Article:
May 4, 2009

Three Thumbs Up

Three thumbs up for the Toulouse-Lautrec recipe. It was a hit with the boys.

Here’s the original recipe followed by my adaptation and some not so appealing pictures. Caution: this recipe is extremely fattening.

Young Wild Pigeon with Olives

"Table some young pigeons, empty them and into the inside put a stuffing of beef, veal, sausage meat – seasoned with aromatic pepper – nutmeg, and sliced truffles. Tie them up and let them brown briskly in a heavy shallow pan. Then put into a saucepan, bacon, shallot, onion and make a light roux with flour. Add salt, pepper, a bouquet garni. Put in the pigeons, moisten with good bouillon. Let them simmer gently for just under an hour with the saucepan covered. In the last 20 minutes add some pitted green olives which have been desalted and a glass of cognac. Let them braise well and reduce.
Serve the birds on a dish surrounded by the olives and covered with the thick strained sauce which ought to be rich and thick."*

And my version:

Rinse and pat dry a small chicken. Stuff it with the meat of 2 herb sausages mixed with ½ tsp ground nutmeg.

Tie the chicken up and brown on all sides in heavy shallow saucepan in about 1 tbsp oil. (This was hard)

Remove chicken from pan and set on a plate.

Then fry about 5 slices of bacon, cut up into inch lengths.

Add 1 chopped medium onion. Fry until soft.

Add about 2 tbsps of flour and make a light roux. Scrape all the bacon-y, onion-y goodness of the bottom of the pan.

Add salt, pepper, a bouquet garni. (I have some herbs called Herbes de Provence which I put in a tea-ball)

Return the chicken to the pan along with 2 cups of chicken stock.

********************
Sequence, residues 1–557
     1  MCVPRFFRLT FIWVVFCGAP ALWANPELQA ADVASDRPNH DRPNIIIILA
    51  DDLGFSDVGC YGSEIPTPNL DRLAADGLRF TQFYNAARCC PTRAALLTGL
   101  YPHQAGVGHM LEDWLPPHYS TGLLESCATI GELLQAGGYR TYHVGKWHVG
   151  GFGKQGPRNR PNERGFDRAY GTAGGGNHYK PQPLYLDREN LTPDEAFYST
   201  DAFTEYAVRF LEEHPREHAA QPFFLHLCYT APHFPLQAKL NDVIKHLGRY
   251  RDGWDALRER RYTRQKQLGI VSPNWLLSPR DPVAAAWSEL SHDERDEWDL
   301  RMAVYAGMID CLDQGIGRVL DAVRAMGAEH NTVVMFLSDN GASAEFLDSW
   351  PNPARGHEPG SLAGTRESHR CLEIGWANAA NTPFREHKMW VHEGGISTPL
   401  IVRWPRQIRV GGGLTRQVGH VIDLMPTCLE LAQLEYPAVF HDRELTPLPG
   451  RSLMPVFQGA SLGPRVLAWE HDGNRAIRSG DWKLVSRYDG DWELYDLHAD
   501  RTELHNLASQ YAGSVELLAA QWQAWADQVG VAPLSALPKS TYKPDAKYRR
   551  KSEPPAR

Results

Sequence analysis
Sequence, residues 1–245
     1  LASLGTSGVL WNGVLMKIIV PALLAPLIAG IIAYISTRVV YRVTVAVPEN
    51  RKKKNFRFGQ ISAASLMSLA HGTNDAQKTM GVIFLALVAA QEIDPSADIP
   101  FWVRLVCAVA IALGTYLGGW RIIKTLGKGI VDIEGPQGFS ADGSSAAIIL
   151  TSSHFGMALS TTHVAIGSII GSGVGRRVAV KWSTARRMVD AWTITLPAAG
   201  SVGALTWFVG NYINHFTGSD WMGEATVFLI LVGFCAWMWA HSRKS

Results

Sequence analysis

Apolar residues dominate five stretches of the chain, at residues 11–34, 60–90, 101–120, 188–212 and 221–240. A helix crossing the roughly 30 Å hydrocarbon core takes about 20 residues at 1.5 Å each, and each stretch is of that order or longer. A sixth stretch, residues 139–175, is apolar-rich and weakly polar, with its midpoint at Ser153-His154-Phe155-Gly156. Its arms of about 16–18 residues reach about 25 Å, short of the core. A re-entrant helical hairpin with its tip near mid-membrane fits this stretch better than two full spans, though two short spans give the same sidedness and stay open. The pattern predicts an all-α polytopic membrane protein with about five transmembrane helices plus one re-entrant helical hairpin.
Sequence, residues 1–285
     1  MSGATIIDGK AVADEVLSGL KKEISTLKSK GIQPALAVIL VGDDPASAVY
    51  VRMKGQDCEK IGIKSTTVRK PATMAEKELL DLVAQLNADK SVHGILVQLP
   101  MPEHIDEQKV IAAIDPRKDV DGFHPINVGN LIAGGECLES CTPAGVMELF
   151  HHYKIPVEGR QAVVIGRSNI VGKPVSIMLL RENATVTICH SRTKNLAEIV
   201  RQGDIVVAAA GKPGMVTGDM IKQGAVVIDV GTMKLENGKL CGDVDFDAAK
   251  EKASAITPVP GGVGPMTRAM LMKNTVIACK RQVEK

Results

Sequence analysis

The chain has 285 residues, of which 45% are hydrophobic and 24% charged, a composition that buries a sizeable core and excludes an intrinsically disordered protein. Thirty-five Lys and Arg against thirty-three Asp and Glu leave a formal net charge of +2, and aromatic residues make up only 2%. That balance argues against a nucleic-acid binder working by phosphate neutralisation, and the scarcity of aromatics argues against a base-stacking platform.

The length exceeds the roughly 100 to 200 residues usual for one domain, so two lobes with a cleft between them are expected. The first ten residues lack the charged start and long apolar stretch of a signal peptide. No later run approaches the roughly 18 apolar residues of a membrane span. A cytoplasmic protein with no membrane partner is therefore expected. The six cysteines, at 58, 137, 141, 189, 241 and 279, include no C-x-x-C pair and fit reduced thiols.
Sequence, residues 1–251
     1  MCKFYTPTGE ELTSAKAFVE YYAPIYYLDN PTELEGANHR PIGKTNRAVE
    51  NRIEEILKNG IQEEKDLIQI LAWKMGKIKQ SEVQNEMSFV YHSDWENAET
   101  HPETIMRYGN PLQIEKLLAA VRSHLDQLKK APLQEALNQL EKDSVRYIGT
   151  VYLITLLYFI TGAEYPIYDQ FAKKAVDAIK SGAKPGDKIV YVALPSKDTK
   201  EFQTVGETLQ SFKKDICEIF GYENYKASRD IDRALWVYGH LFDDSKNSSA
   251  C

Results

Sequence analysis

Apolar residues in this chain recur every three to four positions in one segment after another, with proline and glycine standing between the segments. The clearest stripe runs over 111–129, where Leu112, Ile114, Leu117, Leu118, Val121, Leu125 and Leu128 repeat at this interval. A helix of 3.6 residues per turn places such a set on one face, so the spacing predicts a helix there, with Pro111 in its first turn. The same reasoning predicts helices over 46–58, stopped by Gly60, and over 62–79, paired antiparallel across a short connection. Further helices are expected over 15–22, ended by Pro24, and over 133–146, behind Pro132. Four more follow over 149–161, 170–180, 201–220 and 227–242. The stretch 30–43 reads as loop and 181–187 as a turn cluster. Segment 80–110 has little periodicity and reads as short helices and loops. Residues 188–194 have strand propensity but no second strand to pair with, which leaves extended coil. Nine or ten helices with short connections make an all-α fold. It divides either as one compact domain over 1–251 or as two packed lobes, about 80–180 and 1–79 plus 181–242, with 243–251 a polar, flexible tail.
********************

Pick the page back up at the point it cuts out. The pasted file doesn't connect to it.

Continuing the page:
Simmer gently for about 1hour and 15 minutes with the saucepan covered. Pour the sauce over the top of the bird a few times during cooking.

In the last 20 minutes add some rinsed pitted green olives and ½ cup apple juice.

Sausage Meat
Frying the bacon and onions
Halfway through

We all enjoyed this and found it a nice change from the usual fair. The chicken was very tender and and extremely easy to carve. The sausage stuffing made its own patty which I divided between us. Tasty, but too salty. The sauce was thick and delicious. I arranged the chicken on our plates with the olives nestled around it and drizzled sauce on top. We had mashed potatoes and broccoli too.

We have leftover sauce too. It’s too good to go to waste - so after I skim it, we’ll probably have it with pasta tonight.

I may try Toulouse-Lautrec's recipes on subsequent Sundays. It was a success. Maybe I’ll try the Rum Pie. Mmmm.

*Toulouse-Lautrec, Maurice Joyant, The Art of Cuisine, Henry Holt; New York, 1966.
Originally published in France as Le Cuisine de Monsieur Momo, 1930


sallymandy said...

I loved this, Hazel. I find food history fascinating, and enjoyed reading your adaptation. It sounds delicious.

How are you going to adapt the porpoise recipe?

ds said...

Bravo! You braved it, and it worked: both looks and sounds delicious, and passed your toughest critics' standards. I'm impressed.

I think Mahi-Mahi is also known as dolphin fish, which might help if you decide to try the porpoise...

Anna said...

Wow, Hazel, food is such a nice ritual at your house. I enjoy your photography of it, especially when I'm hungry. Simply mouth-watering.